As the health of a national economy depends to a great part on using resources effectively and efficiently, the importance of financial oversight bodies and their respective roles in safeguarding public monies from misuse and waste are crucial. Thus this publication targets entities that are part of a national integrity system (as defined by Transparency International) and which are key players in the effective and sustainable enhancement of national accountability and transparency. The approach/methodology targets government areas and entities that are particularly prone to corrupt practices as identified by governments, supreme audit institutions, inspectorates general, the international donor community, non-governmental organizations, civil society organizations as well as the authors.

The compendium focuses on corruption and malfeasance of administrative, technical and financial nature within all government administrative units and institutions and reveals these financial anomalies. The compendium is applicable to different national contexts and donor requirements. Working papers including comprehensive checklists have been developed and are available as are models of institutional risk assessment reviews/anti-corruption audit findings, recommendations and dispositions.

Initial Concept

The initial concept for this work originates from a methodology to conduct integrity self-investigations developed by the Netherlands’ Ministry of the Interior and the Bureau of Integrity of the City of Amsterdam. It has subsequently been amended/refined to fit developing countries’ settings and issues and particularly streamlined for Sierra Leone and Bulgaria anti-corruption projects within ministries and further reformulated for integration into the Iraq Supreme Audit Institution.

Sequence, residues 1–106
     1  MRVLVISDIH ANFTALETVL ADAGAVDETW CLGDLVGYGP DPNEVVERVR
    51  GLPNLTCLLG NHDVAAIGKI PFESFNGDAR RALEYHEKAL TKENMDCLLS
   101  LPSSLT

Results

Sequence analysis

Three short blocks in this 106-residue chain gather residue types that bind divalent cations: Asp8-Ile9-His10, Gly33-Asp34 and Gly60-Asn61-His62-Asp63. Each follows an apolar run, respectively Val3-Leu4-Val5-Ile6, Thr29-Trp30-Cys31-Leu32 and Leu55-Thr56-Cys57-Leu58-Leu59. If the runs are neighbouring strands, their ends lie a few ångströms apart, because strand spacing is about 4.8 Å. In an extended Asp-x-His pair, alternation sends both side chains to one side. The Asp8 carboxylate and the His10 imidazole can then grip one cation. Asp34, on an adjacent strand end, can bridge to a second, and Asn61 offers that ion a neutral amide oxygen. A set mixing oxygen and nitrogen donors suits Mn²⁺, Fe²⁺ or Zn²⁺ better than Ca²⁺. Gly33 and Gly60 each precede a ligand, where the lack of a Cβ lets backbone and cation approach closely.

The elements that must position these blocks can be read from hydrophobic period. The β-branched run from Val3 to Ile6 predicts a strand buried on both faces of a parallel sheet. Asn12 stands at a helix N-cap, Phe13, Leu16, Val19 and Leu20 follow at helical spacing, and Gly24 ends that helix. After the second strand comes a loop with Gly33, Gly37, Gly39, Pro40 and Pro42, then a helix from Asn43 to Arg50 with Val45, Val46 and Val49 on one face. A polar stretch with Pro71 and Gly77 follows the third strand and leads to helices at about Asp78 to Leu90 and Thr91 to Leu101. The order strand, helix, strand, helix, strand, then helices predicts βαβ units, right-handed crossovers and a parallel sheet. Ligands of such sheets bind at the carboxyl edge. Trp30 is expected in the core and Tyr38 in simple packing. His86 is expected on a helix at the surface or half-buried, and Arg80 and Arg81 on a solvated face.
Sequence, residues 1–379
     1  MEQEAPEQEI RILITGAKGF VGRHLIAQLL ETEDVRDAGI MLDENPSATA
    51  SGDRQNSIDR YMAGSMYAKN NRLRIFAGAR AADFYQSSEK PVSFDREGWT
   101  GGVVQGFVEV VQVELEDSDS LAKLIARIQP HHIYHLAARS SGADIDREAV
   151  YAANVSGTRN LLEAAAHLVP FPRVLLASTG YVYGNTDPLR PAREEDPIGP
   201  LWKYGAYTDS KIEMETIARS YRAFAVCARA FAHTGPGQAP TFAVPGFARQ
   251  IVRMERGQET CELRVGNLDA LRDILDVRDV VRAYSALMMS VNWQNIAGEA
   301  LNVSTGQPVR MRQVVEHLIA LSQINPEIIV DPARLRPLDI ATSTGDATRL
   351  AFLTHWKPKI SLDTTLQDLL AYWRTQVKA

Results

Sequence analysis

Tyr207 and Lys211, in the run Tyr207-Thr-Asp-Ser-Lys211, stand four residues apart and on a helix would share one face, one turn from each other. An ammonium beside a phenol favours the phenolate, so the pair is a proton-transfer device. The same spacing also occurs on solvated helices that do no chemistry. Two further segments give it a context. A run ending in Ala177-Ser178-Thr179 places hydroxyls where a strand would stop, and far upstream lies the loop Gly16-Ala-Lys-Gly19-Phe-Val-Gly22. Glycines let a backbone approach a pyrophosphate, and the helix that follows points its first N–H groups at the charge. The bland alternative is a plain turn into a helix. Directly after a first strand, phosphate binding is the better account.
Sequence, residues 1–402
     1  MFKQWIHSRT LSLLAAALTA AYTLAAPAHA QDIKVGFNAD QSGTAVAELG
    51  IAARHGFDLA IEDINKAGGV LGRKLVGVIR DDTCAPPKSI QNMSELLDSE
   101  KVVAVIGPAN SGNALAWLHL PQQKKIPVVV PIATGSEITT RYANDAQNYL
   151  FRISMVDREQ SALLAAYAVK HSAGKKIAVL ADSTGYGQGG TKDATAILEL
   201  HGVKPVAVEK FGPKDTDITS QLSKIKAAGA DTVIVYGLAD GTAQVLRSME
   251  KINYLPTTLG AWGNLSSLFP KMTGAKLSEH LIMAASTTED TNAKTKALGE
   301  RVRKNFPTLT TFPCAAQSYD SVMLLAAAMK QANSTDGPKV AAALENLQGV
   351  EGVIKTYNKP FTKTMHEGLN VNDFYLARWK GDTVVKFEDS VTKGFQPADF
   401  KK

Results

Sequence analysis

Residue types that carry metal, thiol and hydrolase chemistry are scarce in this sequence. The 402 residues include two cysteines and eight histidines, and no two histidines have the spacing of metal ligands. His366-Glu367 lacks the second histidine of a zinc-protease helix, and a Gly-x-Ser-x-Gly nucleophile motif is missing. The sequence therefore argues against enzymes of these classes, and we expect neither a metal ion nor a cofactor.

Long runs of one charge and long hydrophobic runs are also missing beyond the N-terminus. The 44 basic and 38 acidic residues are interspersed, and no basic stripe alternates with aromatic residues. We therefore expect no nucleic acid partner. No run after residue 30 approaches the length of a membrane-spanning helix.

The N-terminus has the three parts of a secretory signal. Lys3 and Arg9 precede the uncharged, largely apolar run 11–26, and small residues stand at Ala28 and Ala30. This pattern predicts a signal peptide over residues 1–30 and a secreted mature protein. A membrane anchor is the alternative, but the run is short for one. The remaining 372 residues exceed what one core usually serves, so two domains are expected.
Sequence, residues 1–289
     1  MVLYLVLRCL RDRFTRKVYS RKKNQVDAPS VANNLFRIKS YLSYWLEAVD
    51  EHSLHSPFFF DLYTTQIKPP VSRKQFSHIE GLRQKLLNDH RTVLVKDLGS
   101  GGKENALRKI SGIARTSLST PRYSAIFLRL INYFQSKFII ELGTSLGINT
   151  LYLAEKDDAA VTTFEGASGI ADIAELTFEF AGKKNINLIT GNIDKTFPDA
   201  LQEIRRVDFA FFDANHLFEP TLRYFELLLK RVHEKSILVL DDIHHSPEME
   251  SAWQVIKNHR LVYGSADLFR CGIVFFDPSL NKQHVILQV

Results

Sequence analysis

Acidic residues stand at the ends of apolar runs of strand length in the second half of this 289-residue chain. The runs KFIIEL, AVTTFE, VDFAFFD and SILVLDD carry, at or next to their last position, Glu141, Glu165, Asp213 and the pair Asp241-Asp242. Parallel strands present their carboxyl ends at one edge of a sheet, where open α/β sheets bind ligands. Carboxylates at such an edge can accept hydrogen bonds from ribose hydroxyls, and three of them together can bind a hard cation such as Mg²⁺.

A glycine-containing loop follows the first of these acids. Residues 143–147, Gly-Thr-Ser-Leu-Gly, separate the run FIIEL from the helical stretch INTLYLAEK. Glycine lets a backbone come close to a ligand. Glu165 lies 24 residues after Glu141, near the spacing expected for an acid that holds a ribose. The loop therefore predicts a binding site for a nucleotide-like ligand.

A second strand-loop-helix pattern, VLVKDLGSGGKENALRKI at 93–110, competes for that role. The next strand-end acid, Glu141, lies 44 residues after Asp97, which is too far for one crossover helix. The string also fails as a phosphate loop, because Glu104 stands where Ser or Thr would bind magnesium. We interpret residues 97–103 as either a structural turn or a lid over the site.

It consists of a step-by-step guide to assess and identify potentially vulnerable areas (hot spots) within an executive entity and is based on three premises; (1) preventive investigation; (2) self-examination; and (3) focus on systemic improvements to the organisational structure. It comprises four stages: (1) preparation (2) identification of vulnerable activities/areas (3) review of these vulnerable activities and (4) the formulation of recommendations to management.

The entity thus carries out its own review/audit using tools that are specially developed and pre approved by it through, e.g. conducting a workshop with the entity’s staff. The objective of such a workshop is to identify and assess beforehand vulnerable areas, processes and activities, and are followed up by a survey with questionnaires, completed by staff at different levels of each directorate.

Intended users

This compendium is meant to be a guide and tool in a multi-pronged approach to anti-corruption in the public sector and has been specifically developed for use by executive branch entities such as ministries and the legislature oversight body, the national supreme audit institution (SAI) and may be used at both the national and local levels. It is also particularly suited for internal oversight bodies such as inspectorates general, internal audit and internal control departments, anti-corruption agencies, training institutions and international donor organizations at both bilateral and multilateral levels.


The authors of this compendium draw from their multi-country and multi-donor experiences with national executive, legislature and supreme audit institution entities involved in financial oversight. Specifically their extensive international experience/expertise in formulating and conducting pilot audits in line-ministries and public entities in Sierra Leone, Bulgaria and Iraq form the basis of this novel approach.

Daniel Blais, Canada and Fred Schenkelaars, Netherlands have many years of international experience in democratic and financial governance and have been involved in anti-corruption activities related to the institutions targeted in this compendium. They both are members of Transparist, a group of highly experienced international experts involved in anti-corruption work and having complementary skills for a holistic approach to a particular national integrity system.